Respect and Volunteering My Time

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It’s fall and the kids are going back to school.  In theory, this makes more time for the things that I like to do, which usually involves volunteering somewhere.  I say “in theory” because every summer I believe that I’m going to have so much more time once the kids are back in school. And within the first few weeks of school starting, I realize that yet again, I have fooled myself with those thoughts.

One of my biggest pulls is volunteering in the kids’ schools.  I am a helper. I can’t seem to resist the urge to “help out.”  I like to contribute, I like to help out, and I like to feel like I am someone that others can depend on.  But I can’t do it all, and as I am getting older I am getting wiser.

My time is in more demand that it ever has been.  With three kids (at very different stages!), going back to work, and being a de facto single parent with no family support, my time is extremely limited.  So I’ve started to really evaluate where, when, how and how much I give my time away.

There are a lot of places that can use my help.  Some are very worthy causes, and well, some are not.  I am getting much more picky about who gets my time and my energy.

On the surface this is going to sound bad, but I really look at what I get out of it.  I say on the surface because the first thing you think of when I say that is money.  But I’m not talking about money at all.  I work for money.  But there are a lot of other groups and organizations that want my time and effort without money being involved.  It would be easy to say that I’m too busy to give away my time.  But some causes are worth my time and effort.

I simply need to put my time into something worthwhile—to people I feel respect and appreciate me.  That list seems to grow shorter.  Maybe it’s because after years of volunteering my time to the Army, I’ve seen firsthand how well volunteers can be appreciated for little cost or effort. These days, I evaluate carefully who I volunteer for because someone doesn’t appreciate my efforts, others will.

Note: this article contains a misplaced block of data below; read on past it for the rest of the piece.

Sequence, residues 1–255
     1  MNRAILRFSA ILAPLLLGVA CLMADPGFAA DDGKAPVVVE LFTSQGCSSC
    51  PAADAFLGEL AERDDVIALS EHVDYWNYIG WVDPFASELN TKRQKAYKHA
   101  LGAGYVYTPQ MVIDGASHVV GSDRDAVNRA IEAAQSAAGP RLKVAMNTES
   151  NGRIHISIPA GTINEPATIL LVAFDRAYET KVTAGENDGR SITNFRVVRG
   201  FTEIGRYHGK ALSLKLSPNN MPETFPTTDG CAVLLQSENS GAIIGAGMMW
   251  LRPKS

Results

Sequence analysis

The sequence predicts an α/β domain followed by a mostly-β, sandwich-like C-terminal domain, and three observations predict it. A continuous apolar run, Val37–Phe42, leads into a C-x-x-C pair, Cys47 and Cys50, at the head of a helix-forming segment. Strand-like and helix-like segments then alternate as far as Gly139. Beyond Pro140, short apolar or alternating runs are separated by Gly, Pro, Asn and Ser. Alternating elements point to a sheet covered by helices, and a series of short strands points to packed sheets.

Things To Consider When Volunteering….

So here are the factors I consider when I think about volunteering my time and energy:

-Is this a cause or organization that is worthy of my time and energy?  Is it worth the loss of time and energy to my family?

-Are my contributions recognized?

-Do those in charge value the people volunteering?

-Does the group or organization treat their volunteers with respect and appreciation?

-Does giving my time and effort to this group or organization make me feel good?  Or does it make someone I care about feel good?

I Matter.  Even When Volunteering.

I find that even when I believe the cause is a good one, if I don’t feel respected or valued, I slowly start to give less and less, until I eventually leave.  So now I take more time to look around.  How do they treat the people currently volunteering?  How do they treat the people who are ending their time with them?  Many organizations could not survive, let alone flourish, without volunteers. But if they aren’t treating their volunteers with respect, dignity and appreciation, then it’s not something that I want to give my time to, and I shouldn’t even start.

I’m always going to volunteer my time.  I’ve spent too much of my adult life seeing how valuable volunteers are in getting important work done.  But I am becoming very picky. Someone is benefiting from my efforts, I don’t think it’s too much to ask to be treated like I’m valuable.

It’s why I stopped giving my time to a group half a mile from my house, but I’m willing to drive 40 minutes to Fort Carson to teach classes.  My time and energy are valuable to me and to my family.  I should be treated with respect, I deserve that. 

Respect and appreciation matter.

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Once Upon A Time, in another life, Kristin graduated from the University of Michigan with a plan to teach high school math. But then, life happened when she wasn’t looking…. She married an Army guy and 23 years, 3 kids, a few dogs, 7 homes, and 2 continents later she’s now a single mom living here in Colorado Springs. Along the way she volunteered for the Army, Girl Scouts, Boy Scouts, and several schools; managed volunteer organizations, coached judo, trained to be a whitewater rafting guide, biked down Pike’s Peak and even managed to teach some high schoolers a little math before forging new trails writing, teaching and financial planning. She never knows what’s coming around the bend, but she’s learned to handle whatever life (and the Army!), throws at her with a smile and a laugh. She’s pretty sure you can get through anything with those, even if you have to fake it occasionally!!